A new documentary by a Canadian Olympian highlights the impact “sex testing” has on female athletes and women of colour.
Category: Women, produced by filmmaker and Canadian Olympian Phyllis Ellis, debuted on March 8 on TVO. It discusses “sex testing,” which it describes as “deceptive and harmful,” requiring women with higher androgen levels to medically alter themselves to compete.
“The debate on this issue has raged with little to no consideration for its impact on the world-class athletes caught at the centre of the storm,” said John Ferri, vice president of programming and content at TVO.
“Category: Woman makes it painfully clear that there’s a lot more going on here than a simple effort to uphold the standards of fair play. This documentary is illuminating and infuriating in equal parts.”
Ellis, who played for the Canadian field hockey team during the 1984 Summer Olympics, profiles four runners, including Caster Semenya and Annet Negesa, who fought back against racism, the policing of women’s bodies in sport and the violation of their human rights.
While being forced out of competition, the athletes highlighted in Category: Woman show their passion for sport and how it has been emboldened by their conviction to stand up for human rights.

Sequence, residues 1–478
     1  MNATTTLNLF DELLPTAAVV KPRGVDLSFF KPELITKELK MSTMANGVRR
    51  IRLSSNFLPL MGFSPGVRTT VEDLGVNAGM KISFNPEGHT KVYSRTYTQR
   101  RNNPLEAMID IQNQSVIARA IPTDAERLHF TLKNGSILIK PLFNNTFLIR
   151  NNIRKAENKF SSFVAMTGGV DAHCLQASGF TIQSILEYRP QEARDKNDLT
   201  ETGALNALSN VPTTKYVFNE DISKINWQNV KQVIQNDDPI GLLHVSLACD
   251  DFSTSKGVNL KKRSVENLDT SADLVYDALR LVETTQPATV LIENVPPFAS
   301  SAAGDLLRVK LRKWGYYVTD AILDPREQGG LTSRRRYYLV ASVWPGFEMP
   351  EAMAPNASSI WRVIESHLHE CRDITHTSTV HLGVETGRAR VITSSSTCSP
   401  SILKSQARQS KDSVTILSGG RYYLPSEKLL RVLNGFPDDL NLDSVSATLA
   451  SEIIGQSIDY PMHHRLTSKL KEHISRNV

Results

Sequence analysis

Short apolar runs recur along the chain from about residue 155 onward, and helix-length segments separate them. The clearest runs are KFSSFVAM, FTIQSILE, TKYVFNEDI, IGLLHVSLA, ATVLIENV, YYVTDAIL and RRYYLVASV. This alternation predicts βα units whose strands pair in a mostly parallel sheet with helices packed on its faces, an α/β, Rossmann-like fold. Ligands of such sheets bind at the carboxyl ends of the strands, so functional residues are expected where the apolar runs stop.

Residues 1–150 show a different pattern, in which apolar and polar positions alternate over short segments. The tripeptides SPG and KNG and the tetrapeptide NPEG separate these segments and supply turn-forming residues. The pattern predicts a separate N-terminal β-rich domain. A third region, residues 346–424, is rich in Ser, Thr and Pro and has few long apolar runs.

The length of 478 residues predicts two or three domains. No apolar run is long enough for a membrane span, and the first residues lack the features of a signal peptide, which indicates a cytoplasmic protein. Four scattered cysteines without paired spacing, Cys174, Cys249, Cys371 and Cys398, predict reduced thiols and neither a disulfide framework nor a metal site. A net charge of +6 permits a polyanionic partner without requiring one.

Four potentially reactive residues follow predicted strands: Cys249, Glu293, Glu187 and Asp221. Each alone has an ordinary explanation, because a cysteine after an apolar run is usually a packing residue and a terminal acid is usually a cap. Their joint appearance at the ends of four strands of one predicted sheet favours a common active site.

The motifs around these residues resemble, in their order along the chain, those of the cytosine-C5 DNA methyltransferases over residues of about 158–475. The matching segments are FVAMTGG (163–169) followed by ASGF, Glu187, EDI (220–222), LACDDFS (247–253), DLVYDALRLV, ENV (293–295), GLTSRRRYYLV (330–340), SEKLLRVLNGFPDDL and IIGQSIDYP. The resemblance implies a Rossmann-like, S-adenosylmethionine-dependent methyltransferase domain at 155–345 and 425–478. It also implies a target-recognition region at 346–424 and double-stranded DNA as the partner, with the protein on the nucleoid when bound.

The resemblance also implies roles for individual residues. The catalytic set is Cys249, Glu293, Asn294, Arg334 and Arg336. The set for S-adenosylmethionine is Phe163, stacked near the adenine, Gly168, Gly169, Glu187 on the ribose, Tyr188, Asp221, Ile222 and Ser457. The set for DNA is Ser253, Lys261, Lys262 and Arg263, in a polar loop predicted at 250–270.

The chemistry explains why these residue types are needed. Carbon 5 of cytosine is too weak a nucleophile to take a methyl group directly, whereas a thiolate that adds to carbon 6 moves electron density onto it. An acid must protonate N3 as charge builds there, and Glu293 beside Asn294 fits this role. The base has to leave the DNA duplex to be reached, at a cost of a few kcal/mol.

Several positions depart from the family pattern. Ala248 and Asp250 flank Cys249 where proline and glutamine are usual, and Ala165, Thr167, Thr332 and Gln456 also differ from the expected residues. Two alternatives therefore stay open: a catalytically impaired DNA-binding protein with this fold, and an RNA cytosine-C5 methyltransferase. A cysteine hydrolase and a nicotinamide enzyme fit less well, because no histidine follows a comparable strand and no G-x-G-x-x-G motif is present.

When 18-year-old Semenya began her career in 2009, medical records leaked to international media kicked off intense public scrutiny about her body, much of which was driven by racism and sexism.
Meanwhile, Negesa was the first female athlete to speak publicly about an invasive, career-ending surgery encouraged by sport officials.
“What is fair play, if it is not inclusion, prevention of harm, non-discrimination, human rights and bodily autonomy?” said Ellis.
“We must take action and demand from the sporting world at all levels to end sexual, physical and psychological abuse, sex-testing and call out any form of misogyny, racism and discrimination.”
Category: Woman is now streaming on TVO Today, YouTube and smart TV services.